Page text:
What not to say to your boss about marketing on the social Web

Posted: October 5, 2010 in marketing, sales, social media
Tags: , , , , , , , ,

Sometimes, what you don’t say speaks volumes.   Today, with so much new jargon cluttering a function already bloated with techno-speak, it’s time to call a spade a spade.  Or, a call a “landing page” a “lead-generation” page, as the case may be.  With apologies to the sharp blades at HubSpot, here are few tips for turning terms that are turn-offs into euphemisms to make the people in the C-suite more comfortable with your pitches:

1.  Never say blog.  Say publishing platform, as in a platform for publishing content.  “Blog” is a turn-off term for more senior executives than you may think.  To them, “bloggers” connote trouble, disruption, antagonism.  “Publishing platform” is neutral, manageable, even positive.  And perfectly descriptive of what blogging is all about.
2. Never say RSS.  Say syndication and subscription technology. RSS stands for really simple syndication, the term created by developers and picked up by everybody in the ecosystem. RSS drives the syndication and subscription of much of the content on the Web today.  Describe it as such and it will be immediately understood.

3. Never say social media, or social-media marketing.  Say real-time media and real-time marketing.  Author David Meerman Scott:  “In many companies, the term ‘social media’ has a negative connotation, so I use ‘real-time media’ instead, and management pays attention.” Follow suit.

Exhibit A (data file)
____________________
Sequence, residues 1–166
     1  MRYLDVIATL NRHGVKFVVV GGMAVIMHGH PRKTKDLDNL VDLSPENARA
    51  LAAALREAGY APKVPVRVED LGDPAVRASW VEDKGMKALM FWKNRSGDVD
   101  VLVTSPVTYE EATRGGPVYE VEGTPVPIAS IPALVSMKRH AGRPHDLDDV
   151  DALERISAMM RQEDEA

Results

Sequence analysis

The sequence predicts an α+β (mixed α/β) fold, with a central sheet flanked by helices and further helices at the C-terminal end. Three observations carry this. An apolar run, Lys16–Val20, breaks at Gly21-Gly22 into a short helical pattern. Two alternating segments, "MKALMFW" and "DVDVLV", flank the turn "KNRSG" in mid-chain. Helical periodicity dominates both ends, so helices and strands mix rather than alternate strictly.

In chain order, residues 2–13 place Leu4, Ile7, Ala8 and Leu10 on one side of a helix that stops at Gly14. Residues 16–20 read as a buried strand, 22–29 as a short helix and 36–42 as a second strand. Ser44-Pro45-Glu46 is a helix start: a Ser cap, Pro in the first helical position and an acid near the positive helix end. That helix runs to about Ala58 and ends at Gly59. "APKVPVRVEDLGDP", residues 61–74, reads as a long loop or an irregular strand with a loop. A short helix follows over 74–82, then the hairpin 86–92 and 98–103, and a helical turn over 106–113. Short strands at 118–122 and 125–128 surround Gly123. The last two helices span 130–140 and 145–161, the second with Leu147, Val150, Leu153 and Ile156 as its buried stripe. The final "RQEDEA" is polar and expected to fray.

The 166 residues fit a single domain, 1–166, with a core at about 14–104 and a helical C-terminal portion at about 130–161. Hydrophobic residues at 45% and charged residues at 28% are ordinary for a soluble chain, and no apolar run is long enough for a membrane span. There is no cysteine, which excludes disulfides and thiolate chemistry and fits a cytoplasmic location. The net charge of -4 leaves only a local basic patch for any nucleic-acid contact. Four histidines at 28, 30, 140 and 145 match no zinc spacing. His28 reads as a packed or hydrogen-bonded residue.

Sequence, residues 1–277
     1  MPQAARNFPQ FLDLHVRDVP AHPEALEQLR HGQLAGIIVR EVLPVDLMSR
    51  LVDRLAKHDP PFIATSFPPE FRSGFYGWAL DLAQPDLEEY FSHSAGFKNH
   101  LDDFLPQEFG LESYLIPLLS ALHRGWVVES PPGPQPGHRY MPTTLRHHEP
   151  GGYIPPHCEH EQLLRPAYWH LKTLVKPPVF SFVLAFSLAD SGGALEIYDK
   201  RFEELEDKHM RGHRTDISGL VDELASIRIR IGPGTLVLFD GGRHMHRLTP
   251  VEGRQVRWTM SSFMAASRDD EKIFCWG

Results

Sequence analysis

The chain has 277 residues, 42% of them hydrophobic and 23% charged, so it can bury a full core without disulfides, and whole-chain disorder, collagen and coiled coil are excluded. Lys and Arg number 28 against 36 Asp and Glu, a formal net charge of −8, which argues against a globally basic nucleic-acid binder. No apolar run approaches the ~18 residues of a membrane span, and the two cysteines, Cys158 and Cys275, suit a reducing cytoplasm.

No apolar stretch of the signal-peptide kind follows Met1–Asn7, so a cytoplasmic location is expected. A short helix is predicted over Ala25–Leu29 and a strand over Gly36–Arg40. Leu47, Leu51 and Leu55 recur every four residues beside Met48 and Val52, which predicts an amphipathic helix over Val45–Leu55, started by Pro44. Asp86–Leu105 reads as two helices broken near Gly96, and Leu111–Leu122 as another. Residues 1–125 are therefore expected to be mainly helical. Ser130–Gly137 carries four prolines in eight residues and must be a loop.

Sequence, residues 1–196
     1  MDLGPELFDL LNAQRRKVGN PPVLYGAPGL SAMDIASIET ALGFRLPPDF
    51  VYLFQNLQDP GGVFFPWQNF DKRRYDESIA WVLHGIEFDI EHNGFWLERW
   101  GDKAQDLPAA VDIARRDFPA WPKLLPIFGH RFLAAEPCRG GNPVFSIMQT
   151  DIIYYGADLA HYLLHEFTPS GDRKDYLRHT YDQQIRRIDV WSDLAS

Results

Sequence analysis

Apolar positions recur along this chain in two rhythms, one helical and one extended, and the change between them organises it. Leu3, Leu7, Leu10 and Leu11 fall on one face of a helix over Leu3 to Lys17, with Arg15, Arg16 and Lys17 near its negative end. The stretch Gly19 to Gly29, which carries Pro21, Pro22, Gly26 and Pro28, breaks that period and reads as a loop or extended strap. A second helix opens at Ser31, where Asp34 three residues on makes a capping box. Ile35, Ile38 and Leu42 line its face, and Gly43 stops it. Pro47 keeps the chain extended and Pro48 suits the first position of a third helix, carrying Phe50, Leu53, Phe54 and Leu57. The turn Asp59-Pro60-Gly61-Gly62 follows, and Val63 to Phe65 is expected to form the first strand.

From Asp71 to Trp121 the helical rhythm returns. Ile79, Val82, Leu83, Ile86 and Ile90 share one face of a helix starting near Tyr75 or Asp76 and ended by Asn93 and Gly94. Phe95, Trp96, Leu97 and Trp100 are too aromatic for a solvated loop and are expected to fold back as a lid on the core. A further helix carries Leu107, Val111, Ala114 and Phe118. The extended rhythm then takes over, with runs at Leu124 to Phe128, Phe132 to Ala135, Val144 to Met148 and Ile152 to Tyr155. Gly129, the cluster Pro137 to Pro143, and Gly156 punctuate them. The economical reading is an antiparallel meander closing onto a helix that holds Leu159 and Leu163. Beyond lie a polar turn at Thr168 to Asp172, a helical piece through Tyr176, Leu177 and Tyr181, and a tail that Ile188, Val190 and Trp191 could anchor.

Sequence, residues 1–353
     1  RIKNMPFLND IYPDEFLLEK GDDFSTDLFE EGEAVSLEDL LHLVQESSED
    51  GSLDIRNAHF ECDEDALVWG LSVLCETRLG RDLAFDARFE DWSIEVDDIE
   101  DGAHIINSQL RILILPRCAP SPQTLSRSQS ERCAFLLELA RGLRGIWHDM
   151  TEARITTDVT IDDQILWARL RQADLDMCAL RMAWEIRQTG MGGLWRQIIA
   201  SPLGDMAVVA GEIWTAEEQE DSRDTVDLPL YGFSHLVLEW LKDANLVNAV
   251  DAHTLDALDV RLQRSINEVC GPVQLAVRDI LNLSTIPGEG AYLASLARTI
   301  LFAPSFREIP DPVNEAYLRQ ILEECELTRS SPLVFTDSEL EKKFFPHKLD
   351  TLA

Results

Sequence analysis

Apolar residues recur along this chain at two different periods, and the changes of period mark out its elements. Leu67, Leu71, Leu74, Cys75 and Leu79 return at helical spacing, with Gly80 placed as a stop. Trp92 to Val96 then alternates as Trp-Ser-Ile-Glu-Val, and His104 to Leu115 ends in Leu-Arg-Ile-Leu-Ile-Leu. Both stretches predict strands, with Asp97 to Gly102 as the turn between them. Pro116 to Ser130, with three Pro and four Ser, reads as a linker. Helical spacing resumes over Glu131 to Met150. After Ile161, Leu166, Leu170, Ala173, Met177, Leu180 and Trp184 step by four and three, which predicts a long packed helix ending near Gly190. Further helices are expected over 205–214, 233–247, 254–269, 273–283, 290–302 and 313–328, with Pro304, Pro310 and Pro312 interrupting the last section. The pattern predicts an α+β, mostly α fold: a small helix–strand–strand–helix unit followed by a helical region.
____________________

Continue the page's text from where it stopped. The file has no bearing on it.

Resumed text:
4. Never say search engine optimization (SEO).  Say higher unpaid search- engine traffic.  “SEO” is not common lingo in boardrooms.  So if, instead, you say “increase unpaid search-engine traffic” you go to the heart of the matter of what you’re pushing for. Beats hell out of “SEO” everytime.

5. Never say social network.  Say online communities.

The Social Network today, after all, is a damn movie. And one you can be sure people of a certain age will never pay money to see, or be see seeing it.  Ditto most CEOs.  “Online communities” or even “online groups” speaks to marketing opportunities. Music to the ears of the C-Suite. When you have their ears, be speaking their language.
6. Never say pay-per-click, say click-based search-engine advertising.   Many of us are confused about the difference between paid and organic search-engine marketing thanks to SEO and PPC.  Clear up the confusion.  Use clear, and more direct, terminology.

7. Finally, as noted at the start, avoid landing page.  Call it what it actually is: a  lead generation page. A “landing” is not a benefit. A lead is.  Mention that magic word in any meeting where a sales executive and/or people are within earshot, and you will enjoy  instant attention.

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